Secrets from the Fortune 500 — Design Thinking Hacks for Nonprofits
Have you ever waited endlessly at the doctor’s office and wished that they had better customer service? Have you waited in a grocery line and bought an impulse purchase and then wondered why later? For better or worse, every company — but especially those in retail — know that their survival is dependent not just on the quality of their products, but also on the quality of their customers’ experiences. To address this issue, Fortune 500 companies have hired creative teams to better understand what motivates us and how we think and act.
While nonprofits often have waiting lists for our services, it is still important for us to think about customer/client/donor experience in all we do. It is not only a best practice, but it has also been shown to result in higher satisfaction and retention rates among a wide array of customers. In this post, we wanted to share some of these “Fortune 500” tricks, which are built upon the principles of human-centered design (also called design thinking). They are highly customizable and applicable to the work we do every day — so much so that design thinking is one of the guiding principles of social entrepreneurs. To drive this home, I often quip to my clients:
“If you don’t involve those you serve to solve the problem, you might be the problem.”
Here are a few simple, but profound ways we can focus attention on our clients’ needs to give them the Fortune 500-level service they deserve:
Social sector organizations are using human-centered design to uncover challenges and opportunities (or, as we like to say — “Fall in love with the problem and not the solution”) in clients’ lives. A simple way to do this is to have staffers shadow a small number of clients and record observations about the hurdles they face. Remember to ask questions that help you better understand the circumstances your clients are facing and dive deep by using process, such as root cause analysis. Themes will emerge that may be surprising. For example, Save the Children observed mothers preparing meals for their families to find out why some children were well nourished while others were not. They shared insights from their observations throughout the community to improve overall health. Across the U.S., teachers are also using design thinking to improve the classroom experience for their students by asking for and making changes based on their input.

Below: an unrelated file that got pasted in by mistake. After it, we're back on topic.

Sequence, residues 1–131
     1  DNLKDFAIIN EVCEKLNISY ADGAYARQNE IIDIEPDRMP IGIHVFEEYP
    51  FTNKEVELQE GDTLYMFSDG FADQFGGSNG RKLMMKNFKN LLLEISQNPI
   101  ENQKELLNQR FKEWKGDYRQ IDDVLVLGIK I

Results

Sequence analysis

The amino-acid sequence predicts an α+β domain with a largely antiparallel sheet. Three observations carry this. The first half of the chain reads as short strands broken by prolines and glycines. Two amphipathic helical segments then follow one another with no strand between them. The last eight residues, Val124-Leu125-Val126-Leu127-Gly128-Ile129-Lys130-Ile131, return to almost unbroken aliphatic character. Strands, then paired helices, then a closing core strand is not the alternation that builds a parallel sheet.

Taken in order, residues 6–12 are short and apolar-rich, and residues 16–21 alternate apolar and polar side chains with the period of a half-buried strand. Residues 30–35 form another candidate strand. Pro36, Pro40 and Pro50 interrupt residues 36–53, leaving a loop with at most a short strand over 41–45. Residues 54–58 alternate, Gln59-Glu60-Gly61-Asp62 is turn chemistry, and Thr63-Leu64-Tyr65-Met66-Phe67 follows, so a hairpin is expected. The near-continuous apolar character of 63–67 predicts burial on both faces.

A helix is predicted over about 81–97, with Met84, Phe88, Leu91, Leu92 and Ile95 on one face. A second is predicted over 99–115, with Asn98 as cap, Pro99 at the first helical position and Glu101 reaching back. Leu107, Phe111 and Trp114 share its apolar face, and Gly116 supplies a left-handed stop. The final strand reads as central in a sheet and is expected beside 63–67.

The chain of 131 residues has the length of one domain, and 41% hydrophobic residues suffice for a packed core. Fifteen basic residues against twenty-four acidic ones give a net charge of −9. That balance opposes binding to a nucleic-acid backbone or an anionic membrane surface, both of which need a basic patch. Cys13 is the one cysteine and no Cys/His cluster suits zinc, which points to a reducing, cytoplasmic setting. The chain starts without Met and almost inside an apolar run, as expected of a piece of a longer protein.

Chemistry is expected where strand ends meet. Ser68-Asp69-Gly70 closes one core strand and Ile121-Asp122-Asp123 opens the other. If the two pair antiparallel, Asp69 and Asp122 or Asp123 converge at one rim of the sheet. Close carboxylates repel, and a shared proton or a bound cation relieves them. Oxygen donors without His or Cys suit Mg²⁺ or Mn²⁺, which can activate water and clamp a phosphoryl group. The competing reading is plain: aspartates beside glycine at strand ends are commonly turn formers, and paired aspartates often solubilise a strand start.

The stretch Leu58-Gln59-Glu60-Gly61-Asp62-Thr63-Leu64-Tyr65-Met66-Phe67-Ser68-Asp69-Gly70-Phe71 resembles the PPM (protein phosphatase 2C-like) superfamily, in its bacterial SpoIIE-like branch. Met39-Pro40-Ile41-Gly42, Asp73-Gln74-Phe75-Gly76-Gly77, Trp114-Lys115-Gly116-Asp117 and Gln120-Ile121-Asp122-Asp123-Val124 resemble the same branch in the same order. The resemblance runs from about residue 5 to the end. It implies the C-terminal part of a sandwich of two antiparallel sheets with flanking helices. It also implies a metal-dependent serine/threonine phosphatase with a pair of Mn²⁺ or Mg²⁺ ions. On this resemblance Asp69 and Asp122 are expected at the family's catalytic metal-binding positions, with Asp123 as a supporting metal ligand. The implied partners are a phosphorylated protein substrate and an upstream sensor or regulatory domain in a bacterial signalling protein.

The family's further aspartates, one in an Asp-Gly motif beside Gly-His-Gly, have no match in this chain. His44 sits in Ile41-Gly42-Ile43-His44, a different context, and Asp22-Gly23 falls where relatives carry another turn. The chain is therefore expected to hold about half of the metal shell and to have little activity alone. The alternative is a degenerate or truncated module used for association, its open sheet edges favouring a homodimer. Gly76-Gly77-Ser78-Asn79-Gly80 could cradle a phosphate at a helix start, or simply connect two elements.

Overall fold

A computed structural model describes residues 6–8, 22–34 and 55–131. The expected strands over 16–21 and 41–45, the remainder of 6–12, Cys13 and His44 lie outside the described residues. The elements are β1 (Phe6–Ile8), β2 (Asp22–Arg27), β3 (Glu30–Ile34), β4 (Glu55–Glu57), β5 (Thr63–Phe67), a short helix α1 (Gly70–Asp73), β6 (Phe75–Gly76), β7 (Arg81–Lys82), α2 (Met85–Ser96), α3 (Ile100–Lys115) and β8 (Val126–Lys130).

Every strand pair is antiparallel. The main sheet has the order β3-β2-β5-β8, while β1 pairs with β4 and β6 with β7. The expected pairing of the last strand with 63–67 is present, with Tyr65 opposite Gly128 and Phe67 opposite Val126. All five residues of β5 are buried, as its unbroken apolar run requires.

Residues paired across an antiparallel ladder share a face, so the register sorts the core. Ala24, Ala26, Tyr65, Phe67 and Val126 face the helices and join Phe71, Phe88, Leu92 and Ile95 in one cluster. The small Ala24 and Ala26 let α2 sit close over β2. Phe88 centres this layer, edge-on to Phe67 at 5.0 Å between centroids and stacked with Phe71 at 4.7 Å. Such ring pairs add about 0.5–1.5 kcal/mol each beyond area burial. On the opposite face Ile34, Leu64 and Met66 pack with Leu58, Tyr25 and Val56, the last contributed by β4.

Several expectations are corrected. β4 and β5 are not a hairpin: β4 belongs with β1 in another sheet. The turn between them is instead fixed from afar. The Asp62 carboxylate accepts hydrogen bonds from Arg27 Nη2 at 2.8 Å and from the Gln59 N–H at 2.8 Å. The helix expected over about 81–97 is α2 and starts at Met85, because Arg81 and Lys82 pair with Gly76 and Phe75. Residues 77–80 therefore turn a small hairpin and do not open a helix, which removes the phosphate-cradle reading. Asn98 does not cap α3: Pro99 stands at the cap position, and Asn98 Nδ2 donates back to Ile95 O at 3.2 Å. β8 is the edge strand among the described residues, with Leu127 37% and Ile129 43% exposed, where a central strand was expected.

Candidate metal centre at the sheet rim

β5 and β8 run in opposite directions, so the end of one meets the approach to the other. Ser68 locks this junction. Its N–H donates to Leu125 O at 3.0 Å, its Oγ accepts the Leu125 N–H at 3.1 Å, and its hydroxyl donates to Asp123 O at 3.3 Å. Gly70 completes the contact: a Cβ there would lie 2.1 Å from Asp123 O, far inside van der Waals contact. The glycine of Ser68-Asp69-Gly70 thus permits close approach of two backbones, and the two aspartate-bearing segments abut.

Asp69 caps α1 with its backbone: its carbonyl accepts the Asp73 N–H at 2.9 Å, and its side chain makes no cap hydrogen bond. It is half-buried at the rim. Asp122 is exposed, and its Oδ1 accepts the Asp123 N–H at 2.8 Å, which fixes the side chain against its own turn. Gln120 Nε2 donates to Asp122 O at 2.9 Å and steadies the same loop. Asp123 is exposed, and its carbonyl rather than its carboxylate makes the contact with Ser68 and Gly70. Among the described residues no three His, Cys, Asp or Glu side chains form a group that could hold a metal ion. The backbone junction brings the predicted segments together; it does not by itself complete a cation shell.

Brainstorm Ideas & User Personas
Social sector organizations are following lean startup principles and looking to best practices and fellow providers for solutions that work for clients. IDEO, a human-centered design pioneer, also suggests looking for solutions in unexpected industries or situations and involving diverse members on your team. When the Food Bank for New York City tried to increase the number and speed of food boxes it prepared and delivered, it took cues from car manufacturer Toyota to start an assembly line and pack food boxes more efficiently. By using a solution that worked for car manufacturing, the food bank fed 400 more families in half the time.
At Social Impact Architects, we now use user personas (see sample here) with all of our clients to help them better understand their wide array of customers and how to optimize needs while balancing finite resources. To create user personas, brainstorm all key customers (e.g., students, donors, employees, older adults) and then prioritize whom to focus this exercise on. Then, once done, compare and contrast user personas noting all themes, overlaps and differences to help determine how you can best work with each customer group individually and the groups collectively. This can then lead to stronger customer voices in your communications and improved operational decisions that can help you streamline efforts.
Design, Test, Ask, Refine, Repeat
Social sector organizations can also use human-centered design to bring ideas to life through experimentation and reiteration. Using models, simulations and renderings to develop a prototype or first draft of your team’s proposed solutions can generate more ideas on how to improve your final product. The Empowerment Plan in Detroit embraced human-centered design and created a prototype of a jacket for the homeless. By asking homeless people for feedback on prototypes, the organization improved the initial product by transforming the jacket into a convertible sleeping bag. The company eventually evolved to give homeless individuals what they really needed — jobs — by hiring them to make the jackets. This only happened because the organization’s process included repeatedly asking for feedback, which resulted in design changes that improved their product.
We hope these human-centered design resources spark your creative juices to make clients’ dreams a reality as you design new programs this year. We also encourage you to reach out to your local colleges and universities to find students studying design thinking to help. For more inspiration, check out what my colleagues at SMU accomplished during their one-day design challenge on food deserts in South Dallas. We invite you to share your design-thinking success stories and the principles you used to make them happen.